The Vikings defense has been extraordinary in two wins so far—even creating turnovers and scoring points while encouraging the notion that few other units in the NFL are better. Defensive end Brian Robison said the defense is ready to help if the Vikings are without Peterson.

“Us as a defense, we’re gonna put it on our shoulders and we’re gonna make sure that we do whatever we can do in order to put the offense in a good position,” Robison said. “Hopefully keep creating turnovers and get them in good field position. …”

Worth Noting

Bradford talking about the noisy fan support last night at U.S. Bank Stadium: “That’s one of the best atmospheres I’ve probably every played in. …They (the Packers) were having a hard time communicating. I think there were times we were having a hard time communicating because it was so loud in there.

“It’s fun when you get to play in an atmosphere like that. It’s not an every-week thing. You don’t get to play in front of crowds like that all the time, so when you do it’s really special.”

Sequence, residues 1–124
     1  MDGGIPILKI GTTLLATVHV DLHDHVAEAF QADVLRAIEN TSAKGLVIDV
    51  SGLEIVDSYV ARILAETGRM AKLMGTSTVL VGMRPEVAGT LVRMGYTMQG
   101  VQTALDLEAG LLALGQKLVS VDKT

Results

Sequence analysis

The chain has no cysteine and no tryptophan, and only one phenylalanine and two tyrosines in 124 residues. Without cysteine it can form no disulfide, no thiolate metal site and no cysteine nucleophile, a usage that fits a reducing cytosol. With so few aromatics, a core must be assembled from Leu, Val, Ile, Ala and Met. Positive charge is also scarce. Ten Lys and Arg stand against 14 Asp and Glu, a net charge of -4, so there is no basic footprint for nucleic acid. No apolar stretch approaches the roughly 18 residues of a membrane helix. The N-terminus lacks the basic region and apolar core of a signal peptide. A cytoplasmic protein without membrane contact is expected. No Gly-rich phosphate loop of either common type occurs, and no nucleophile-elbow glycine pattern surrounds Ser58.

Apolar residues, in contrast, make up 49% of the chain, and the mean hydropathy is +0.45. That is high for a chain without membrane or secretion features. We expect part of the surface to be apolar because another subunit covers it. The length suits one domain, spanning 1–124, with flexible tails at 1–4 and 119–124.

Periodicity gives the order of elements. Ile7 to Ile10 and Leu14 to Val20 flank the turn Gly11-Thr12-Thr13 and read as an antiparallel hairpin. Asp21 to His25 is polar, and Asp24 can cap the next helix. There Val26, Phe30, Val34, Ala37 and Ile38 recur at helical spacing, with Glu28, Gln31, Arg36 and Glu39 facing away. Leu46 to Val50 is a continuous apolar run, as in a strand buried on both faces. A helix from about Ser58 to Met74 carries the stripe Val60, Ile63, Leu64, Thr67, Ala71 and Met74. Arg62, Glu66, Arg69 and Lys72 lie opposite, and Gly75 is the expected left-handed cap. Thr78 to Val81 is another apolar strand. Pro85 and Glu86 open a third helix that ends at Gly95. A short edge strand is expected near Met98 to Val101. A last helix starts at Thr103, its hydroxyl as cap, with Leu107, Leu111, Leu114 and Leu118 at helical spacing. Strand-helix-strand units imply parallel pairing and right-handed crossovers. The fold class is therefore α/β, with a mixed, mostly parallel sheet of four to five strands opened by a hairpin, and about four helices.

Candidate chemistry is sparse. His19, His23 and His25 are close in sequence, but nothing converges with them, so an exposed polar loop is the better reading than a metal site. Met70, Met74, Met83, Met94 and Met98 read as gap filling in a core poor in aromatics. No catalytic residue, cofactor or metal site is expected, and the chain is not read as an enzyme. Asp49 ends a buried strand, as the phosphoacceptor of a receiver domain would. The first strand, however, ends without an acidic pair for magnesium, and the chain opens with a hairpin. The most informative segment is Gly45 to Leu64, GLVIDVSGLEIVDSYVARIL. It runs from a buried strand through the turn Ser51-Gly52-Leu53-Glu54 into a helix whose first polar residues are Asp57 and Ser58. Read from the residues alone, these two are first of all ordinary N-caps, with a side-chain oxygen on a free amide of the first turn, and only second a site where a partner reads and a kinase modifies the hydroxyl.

U.S. Bank Stadium

U.S. Bank Stadium

The five giant pivoting doors were open for last night’s debut regular season game at U.S. Bank Stadium because it was important to the Vikings management, according to a stadium source. The announced temperature inside the stadium at kickoff was 77 degrees, about five degrees more than if the doors were closed and the air conditioning didn’t have to contend so much with outside heat and humidity.

The Super Bowl quality halftime show that included the Minnesota Orchestra required about 200 people including support personnel. Twelve minutes was allocated for total time.

The Vikings are now 6-11 against Aaron Rodgers when he is the starting quarterback for the Packers. He has thrown 36 touchdown passes in those games.

The Packers opened the season at Jacksonville, then came to Minneapolis for last night’s game. It’s the first time since 1924 the Packers have played their first two regular season games on the road.

Right now it looks like Moritz Bohringer, the 22-year-old wide receiver from Aalen, Germany who never played college football, is probably a long shot to develop an NFL career. He is on the Vikings’ practice squad but there is no guarantee he will keep his spot, or be activated to the playing roster.

Former Vikings kicker Fred Cox will (for a fee) sign memorabilia and pose for photos on Saturday from noon to 1:30 p.m. at Southtown Shopping Center in Bloomington. His appearance is part of the two-day Saturday-Sunday Triple Crown Sports Collectibles show. Show hours are 10 a.m. to 5 p.m. and Sunday 11 a.m. to 4 p.m.

Big Ten schools, including Minnesota, receive equal shares of conference TV revenues. A new TV deal is expected to give the Gophers and the other 13 schools $45 to $50 million each on an annual basis.